Let me quote from a speech he gave some 40 years ago at the Council on Foreign Relations. I suspect many of you are familiar with the first sentence, but what follows is equally important: “The nation must to a degree take it on faith that we too are honorable men devoted to her service,” he said. “We are alleged to be out of control and irresponsible in action. We are neither. For intelligence is the servant of the US government, not its master. We will undertake to do what the authorities ask us to do, no more and we hope no less.”

CIA’s sole purpose—its enduring mission—is to protect the American people. As intelligence officers, we have pledged to do everything in our power to keep our nation safe. That purpose brought each of you here and has driven you to achievement ever since. Still, as you enter the senior ranks, our vital mission takes on new meaning and carries new obligations—something worth remembering in the months and years ahead as you go about your essential work.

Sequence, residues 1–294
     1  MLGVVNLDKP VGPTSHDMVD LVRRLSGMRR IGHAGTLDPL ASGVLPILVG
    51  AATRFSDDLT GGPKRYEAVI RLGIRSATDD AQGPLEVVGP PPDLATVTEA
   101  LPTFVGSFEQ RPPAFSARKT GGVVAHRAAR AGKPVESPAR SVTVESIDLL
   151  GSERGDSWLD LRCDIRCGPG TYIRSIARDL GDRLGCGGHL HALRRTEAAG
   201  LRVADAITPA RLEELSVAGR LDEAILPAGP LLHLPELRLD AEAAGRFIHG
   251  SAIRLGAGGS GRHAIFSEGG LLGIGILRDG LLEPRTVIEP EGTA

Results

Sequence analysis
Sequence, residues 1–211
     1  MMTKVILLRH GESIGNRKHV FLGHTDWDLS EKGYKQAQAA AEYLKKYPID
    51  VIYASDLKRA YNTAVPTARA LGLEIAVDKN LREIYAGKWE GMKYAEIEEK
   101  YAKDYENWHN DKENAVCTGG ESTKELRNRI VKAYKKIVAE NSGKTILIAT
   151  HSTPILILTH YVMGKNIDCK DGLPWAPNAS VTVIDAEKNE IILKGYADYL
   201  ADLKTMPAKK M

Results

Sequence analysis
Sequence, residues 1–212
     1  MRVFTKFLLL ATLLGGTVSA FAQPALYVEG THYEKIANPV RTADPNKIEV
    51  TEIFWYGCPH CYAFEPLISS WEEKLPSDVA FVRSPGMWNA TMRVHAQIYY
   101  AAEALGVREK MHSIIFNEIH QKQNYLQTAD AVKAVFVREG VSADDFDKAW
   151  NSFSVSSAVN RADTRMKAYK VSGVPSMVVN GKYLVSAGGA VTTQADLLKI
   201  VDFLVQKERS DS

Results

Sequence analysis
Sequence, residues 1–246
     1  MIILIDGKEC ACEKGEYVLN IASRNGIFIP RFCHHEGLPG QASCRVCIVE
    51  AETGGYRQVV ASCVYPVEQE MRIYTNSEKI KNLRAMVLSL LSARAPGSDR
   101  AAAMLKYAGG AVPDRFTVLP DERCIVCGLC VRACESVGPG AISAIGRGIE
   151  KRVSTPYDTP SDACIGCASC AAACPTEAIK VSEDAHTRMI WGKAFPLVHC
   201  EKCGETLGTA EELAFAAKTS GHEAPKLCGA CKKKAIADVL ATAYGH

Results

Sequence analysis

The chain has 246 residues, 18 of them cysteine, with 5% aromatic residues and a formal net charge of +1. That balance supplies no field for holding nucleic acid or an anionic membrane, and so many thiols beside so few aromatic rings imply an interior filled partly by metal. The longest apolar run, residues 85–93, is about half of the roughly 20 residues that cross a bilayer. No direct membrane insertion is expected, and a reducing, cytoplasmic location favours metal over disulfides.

More than ever before, you will be relied on to think and act both tactically and strategically. The times demand it. The fierce operational tempo that has defined our Agency since September 11, 2001 is not likely to let up anytime soon. It’s just the nature of intelligence today—our work is central to the toughest security challenges facing our nation. We must continue to provide the very best in operations, analysis, technical know-how, and support, while at the same time doing everything possible to strengthen our capabilities and combine them seamlessly with the rest of the Intelligence Community.

Your skills and years of experience will help CIA do all those things simultaneously—but it won’t be easy, especially because we remain a nation at war. Success will require as much focus on the long term as on the short term, and that takes both foresight and discipline.